Though these ideas are usually connected to the design of cities and large institutions of health, they can also be well employed in home design.  This is what our Transitions approach to design is about.  By creating transitions to natural and community settings, we seek to create the connections that create happiness.

So much of the thrust of modernity is isolating.  Nowhere is this truer than in the design of our homes.  Automobiles, air conditioning and multimedia have dramatically shifted our relationships to space.

Here in College Station and Bryan we have an excellent juxtaposition showing the impact of the automobile on urban design.  Bryan, incorporated in 1867, was designed with pedestrian traffic in mind.  The town was set up with a central downtown laid out on a grid of perfectly parallel and perpendicular streets. The residential community was just beyond the retail and other businesses of downtown.

College Station, by contrast, was incorporated in 1938 and developed in patterns governed by the automobile.  No grid for easy pedestrian access.   With the convenience of the car, there was no need for a central downtown, or close in neighborhoods.

Though, to be fair to the founders of College Station, its original layout was focused on Dexter (now Brison) Park on the south side of the campus and Thomas Park on the east side of the campus. But growth was inevitable and in the 70’s the city sprawled beyond these central points in the leapfrog patterns endemic of auto-centric development.  As long as people are willing to drive, it makes sense for developers to push out to the cheapest land beyond current development, leaving swaths of undeveloped land between.

The automobile allowed for the development of suburban neighborhoods, further from the center of town on larger lots. And the footprint of homes became much larger as we brought our cars into the covered space of the two-car garage. With the advent of the automatic garage door opener, we were able to push a button, drive into the house and have the door close behind us without having to encounter nature or our neighbors.

Even more disruptive of our relationship to neighbors and nature was the introduction of air conditioning.  How long has it been since you heard the slap of a screen door closing?  Our once airy houses with open windows to catch the breeze and large front porches on which to drink iced tea and visit with neighbors have become tightly closed boxes with veneer porches, no longer large enough to sit on.  In the south we should all be grateful for air conditioning but we are also wise to take note of the baby that went out with that hot sticky bathwater.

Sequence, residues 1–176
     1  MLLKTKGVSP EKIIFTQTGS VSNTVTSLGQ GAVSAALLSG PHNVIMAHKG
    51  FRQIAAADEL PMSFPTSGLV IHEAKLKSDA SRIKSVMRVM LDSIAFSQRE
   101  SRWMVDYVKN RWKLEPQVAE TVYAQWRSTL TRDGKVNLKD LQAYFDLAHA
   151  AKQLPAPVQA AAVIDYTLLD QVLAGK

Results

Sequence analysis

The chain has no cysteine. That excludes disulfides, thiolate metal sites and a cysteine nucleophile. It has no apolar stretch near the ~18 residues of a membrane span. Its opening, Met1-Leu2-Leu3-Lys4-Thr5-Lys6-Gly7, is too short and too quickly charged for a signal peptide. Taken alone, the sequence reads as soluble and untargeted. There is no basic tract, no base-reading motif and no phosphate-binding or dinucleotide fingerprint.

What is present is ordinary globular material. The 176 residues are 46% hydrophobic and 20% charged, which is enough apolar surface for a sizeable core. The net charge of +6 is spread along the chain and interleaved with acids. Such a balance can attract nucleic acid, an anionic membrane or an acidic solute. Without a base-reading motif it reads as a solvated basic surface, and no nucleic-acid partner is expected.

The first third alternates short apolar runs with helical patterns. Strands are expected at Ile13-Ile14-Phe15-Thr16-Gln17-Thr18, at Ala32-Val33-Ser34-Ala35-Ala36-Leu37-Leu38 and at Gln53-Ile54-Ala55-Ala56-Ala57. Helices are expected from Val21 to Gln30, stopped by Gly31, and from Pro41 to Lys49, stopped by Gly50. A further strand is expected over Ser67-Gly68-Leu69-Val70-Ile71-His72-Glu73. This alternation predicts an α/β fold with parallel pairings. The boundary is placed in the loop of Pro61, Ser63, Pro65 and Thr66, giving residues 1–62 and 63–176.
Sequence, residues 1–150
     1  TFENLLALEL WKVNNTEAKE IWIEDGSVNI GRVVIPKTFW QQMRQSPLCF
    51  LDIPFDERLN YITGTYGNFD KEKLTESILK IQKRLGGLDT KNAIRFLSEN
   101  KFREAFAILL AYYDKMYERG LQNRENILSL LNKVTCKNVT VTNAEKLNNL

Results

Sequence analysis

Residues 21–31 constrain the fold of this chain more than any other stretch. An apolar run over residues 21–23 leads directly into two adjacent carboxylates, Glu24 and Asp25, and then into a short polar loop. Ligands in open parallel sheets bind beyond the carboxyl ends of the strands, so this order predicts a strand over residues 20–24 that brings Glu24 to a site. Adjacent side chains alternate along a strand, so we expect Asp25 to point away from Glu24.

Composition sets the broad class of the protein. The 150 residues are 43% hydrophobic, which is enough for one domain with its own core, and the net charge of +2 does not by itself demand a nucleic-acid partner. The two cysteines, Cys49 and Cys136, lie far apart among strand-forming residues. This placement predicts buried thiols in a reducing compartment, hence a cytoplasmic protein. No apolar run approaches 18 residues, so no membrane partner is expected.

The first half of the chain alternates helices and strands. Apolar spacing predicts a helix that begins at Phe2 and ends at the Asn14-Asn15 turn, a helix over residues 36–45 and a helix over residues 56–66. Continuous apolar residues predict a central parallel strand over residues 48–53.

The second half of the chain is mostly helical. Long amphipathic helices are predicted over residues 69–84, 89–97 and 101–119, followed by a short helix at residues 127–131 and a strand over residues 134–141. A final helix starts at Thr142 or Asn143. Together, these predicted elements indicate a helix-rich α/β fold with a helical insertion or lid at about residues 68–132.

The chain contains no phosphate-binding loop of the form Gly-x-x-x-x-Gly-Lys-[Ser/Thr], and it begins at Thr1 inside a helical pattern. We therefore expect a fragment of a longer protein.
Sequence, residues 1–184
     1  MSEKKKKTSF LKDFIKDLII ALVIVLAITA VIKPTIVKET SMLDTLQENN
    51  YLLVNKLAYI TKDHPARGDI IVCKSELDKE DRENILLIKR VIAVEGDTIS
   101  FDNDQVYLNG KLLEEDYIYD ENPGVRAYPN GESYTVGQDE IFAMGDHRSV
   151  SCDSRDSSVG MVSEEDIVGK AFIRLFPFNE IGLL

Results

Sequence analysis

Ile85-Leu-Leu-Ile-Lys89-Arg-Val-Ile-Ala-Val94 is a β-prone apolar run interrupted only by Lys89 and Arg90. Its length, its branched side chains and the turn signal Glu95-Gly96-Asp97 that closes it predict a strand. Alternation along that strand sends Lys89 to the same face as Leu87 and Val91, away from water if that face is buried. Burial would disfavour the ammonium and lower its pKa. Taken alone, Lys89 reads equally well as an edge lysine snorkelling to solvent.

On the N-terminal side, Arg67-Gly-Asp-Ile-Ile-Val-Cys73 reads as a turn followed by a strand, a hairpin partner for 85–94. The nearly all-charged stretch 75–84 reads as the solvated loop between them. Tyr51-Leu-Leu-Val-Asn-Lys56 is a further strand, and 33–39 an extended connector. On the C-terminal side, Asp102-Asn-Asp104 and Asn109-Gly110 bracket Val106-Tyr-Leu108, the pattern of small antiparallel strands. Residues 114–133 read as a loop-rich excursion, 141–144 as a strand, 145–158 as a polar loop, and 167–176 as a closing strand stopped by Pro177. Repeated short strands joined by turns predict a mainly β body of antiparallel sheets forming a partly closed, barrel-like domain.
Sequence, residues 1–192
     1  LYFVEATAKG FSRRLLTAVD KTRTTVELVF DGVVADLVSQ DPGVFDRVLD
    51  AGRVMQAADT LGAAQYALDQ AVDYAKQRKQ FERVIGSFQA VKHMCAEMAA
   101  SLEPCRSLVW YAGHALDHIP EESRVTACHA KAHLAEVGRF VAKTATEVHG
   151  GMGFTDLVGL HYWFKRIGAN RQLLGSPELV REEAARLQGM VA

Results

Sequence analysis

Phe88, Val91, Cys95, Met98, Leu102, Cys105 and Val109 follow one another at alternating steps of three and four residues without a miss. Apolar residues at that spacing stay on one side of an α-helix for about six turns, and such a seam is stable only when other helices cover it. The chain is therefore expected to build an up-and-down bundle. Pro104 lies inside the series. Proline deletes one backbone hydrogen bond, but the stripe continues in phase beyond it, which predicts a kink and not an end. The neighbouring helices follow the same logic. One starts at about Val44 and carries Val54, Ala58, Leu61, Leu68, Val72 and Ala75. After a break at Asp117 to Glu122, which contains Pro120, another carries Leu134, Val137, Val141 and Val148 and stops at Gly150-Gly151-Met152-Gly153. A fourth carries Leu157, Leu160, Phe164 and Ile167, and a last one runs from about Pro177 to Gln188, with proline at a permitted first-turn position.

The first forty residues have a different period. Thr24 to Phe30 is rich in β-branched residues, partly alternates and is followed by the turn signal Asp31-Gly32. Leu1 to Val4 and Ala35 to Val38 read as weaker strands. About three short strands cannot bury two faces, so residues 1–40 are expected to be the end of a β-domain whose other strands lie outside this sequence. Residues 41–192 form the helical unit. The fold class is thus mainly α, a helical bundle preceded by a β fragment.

Shut off from our neighbors, inside with our cars and air conditioning, we were not quite isolated enough yet.  First television and then the devices of the Internet have helped build walls of separation within our well-isolated homes.

Our Transitions approach to design seeks to challenge some of the assumptions brought forth by modernity without suggesting a return to a more primitive lifestyle.  We can overcome isolation without giving up modern conveniences and comforts.  However, it does require reclaiming a certain amount of self-determination, to take back some of the autonomy previously relinquished to technology.

Who is to say that sidewalks cannot once again become a part of the suburban landscape as cities like College Station become more focused on walkability?  And what is it to keep large front porches from becoming an atavistic extension on the modern home?

When we recognize the importance of our connection to nature and community in the creation of happiness, we can rethink patterns that developed in the absence of such understanding.  That is why in the Transitions approach to design we speak about permeability.  These are visual and physical transitions to the spaces that connect us to nature, our neighbors and others in the home.

Ironically, in its quest for sustainability, green building has lent itself to some rather unsustainable perspectives.  Specifically, the strict focus of the relationship of the building to the environment over the relationship of the people in the building to their environments.  Don’t get me wrong, green building, and more directly building science, have made some dramatic improvements in the ways that we construct and manage buildings, just as car have had a great impact on our quality of life.  But in both cases we are wise to maintain control of the directions that innovation takes us.  While considering the energy that goes into building is vitally important, as consumers, our decisions are informed by the relationships we develop.  Like sustainability, happiness is largely a product of our connectedness to the web of existence we find ourselves in.